Who’s Most At Risk in the Covid-19 Mental Health Crisis

New research points to the role of job loss and the media in a worsening mental health landscape

Credit: Klaus Vedfelt / Getty Images

It doesn’t take a scientific study to know that the coronavirus pandemic is taking a tremendous toll on the mental health of people around the world. Maybe you’re feeling it yourself, your brain and body buckling under unprecedented levels of prolonged stress.

But scientific research is capturing the scale of the mental health crisis in numbers, helping reveal its full scope and the factors underlying it. This information is crucial for public health experts to develop a public mental health response to the pandemic. A paper published in the journal Science on Friday shows the link between psychological symptoms and the Covid-19 pandemic between March and April in the U.S. Empirical studies on the mental health effects of Covid-19, the University of California, Irvine researchers note, are rare — making up just 3% of the published literature on the coronavirus.

Between March 18 and April 18 of this year, which the authors describe as an “escalating period of illness and death in the United States,” acute stress and depressive symptoms significantly increased among Americans. The researchers based their analysis on survey data from a nationally representative group of 6,514 people who were asked not only about their experience of stress and depression during the pandemic but also about coronavirus-related job loss, social media exposure, and personal loss.

In addition to showing evidence for the link between worsening mental health and the worsening pandemic, the study identifies the people who are most likely to experience worsening mental health. The survey data allowed the researchers to identify “predictors” — factors that suggest someone is more likely to suffer mental health issues due to Covid-19.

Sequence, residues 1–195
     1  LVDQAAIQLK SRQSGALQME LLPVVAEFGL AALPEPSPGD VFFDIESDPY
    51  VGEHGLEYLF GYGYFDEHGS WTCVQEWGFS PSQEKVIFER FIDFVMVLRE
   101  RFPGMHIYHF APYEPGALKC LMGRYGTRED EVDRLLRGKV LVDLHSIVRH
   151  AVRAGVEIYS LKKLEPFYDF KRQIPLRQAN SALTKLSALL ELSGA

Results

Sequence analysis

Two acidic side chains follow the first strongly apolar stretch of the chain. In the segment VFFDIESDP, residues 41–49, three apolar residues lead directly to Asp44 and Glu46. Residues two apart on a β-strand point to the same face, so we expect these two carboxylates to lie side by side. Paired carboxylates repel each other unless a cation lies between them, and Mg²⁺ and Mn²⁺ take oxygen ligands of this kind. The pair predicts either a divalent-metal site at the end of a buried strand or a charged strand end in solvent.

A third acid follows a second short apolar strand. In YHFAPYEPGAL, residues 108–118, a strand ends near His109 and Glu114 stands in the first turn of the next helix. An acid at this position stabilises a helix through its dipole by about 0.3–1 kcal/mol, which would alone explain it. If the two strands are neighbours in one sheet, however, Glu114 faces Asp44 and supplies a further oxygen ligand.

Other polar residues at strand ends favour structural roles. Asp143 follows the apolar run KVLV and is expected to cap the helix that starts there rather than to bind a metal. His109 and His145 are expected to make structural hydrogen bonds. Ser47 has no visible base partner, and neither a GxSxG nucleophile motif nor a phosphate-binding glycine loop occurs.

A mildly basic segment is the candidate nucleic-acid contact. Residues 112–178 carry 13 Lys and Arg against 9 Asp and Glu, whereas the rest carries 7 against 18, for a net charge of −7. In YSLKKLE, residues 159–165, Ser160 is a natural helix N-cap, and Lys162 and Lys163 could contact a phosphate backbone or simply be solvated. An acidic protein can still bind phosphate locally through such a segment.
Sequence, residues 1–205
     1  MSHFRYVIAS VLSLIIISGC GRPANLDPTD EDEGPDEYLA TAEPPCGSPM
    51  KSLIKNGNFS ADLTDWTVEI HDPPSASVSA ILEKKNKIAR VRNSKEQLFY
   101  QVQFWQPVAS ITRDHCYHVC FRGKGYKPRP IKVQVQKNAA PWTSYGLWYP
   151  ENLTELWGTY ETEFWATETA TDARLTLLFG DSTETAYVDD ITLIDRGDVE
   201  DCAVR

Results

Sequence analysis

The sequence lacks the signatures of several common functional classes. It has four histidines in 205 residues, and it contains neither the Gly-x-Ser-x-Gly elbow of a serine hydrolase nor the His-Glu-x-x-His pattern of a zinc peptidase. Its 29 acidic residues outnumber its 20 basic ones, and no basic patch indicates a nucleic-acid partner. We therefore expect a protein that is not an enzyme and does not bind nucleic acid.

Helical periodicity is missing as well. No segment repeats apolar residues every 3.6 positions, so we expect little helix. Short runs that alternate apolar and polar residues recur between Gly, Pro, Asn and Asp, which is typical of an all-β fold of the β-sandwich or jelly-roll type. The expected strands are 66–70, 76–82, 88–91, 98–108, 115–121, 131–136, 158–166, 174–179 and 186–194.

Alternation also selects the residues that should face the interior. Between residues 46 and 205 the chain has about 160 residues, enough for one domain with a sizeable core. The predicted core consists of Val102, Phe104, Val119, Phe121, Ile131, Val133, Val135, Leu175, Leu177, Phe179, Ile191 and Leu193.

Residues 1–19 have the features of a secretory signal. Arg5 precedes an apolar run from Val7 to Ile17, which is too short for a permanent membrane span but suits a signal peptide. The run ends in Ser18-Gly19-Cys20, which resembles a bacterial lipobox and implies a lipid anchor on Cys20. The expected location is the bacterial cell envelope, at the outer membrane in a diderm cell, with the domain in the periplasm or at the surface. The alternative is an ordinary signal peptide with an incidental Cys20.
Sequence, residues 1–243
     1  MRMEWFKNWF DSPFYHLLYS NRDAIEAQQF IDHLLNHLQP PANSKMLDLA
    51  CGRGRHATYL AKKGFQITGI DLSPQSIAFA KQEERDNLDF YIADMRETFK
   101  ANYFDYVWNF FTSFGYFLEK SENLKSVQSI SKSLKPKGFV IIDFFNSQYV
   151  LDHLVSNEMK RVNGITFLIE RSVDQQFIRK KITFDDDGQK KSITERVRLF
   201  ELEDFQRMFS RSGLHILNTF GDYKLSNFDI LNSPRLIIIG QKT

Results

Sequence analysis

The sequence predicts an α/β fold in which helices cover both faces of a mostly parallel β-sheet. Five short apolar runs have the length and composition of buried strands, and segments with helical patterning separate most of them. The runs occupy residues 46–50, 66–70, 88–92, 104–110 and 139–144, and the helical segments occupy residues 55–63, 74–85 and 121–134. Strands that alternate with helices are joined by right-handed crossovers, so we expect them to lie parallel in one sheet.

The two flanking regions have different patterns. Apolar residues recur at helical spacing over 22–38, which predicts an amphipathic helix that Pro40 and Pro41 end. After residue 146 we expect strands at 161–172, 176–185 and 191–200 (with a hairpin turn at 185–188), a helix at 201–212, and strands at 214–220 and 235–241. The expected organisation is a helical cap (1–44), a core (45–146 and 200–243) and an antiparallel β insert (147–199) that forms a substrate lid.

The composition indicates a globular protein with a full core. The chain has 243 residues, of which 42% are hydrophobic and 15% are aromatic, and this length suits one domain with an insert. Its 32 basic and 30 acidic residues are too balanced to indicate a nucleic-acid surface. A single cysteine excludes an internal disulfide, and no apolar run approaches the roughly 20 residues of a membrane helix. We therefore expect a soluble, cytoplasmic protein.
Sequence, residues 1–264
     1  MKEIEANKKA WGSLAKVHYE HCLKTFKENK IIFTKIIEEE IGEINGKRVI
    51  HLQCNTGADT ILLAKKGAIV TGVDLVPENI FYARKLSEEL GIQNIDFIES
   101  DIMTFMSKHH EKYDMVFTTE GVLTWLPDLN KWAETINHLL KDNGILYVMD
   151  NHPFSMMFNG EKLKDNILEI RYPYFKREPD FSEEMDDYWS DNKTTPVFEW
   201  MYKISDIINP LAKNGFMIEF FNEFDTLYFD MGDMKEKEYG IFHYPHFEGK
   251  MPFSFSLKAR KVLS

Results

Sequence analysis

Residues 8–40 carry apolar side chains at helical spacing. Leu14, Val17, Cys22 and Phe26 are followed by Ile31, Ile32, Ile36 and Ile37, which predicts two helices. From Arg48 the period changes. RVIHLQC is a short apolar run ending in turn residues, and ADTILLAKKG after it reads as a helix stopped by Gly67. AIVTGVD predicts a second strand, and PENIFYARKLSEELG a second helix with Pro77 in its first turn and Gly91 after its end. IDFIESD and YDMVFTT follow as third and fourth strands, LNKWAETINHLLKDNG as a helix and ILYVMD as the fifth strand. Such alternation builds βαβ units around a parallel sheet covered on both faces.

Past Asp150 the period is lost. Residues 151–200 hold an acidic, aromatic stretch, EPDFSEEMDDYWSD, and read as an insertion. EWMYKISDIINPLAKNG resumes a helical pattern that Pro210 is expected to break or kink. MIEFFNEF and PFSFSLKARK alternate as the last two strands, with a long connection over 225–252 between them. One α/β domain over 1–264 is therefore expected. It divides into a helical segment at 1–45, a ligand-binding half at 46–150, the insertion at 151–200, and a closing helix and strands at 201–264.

People who have preexisting mental or physical health conditions, for example, are more likely to have both acute stress and depressive symptoms related to the coronavirus. In particular, having a preexisting psychiatric condition is the strongest predictor of depressive symptoms. Prior victimization, like being bullied, was also linked with the emotional responses of young adults during the pandemic. Another strong predictor of acute stress and depression is losing one’s job or wages and experiencing shortages of necessities. And a particularly eye-opening finding is that one of the strongest predictors of pandemic-related acute stress is extensive exposure to Covid-19-related media — which includes exposure to conflicting information in the news.

The survey data also revealed that more young people experienced acute stress and depression related to the coronavirus; that psychological symptoms didn’t abate after lockdown; and, interestingly, that people who continued to work during the early part of the pandemic were less depressed than people who didn’t, even though they were at higher risk of getting Covid-19. One explanation for the latter observation might be that people who lost their jobs were more depressed, but an alternative explanation is that people who continued working in “essential” services had found renewed meaning in their jobs.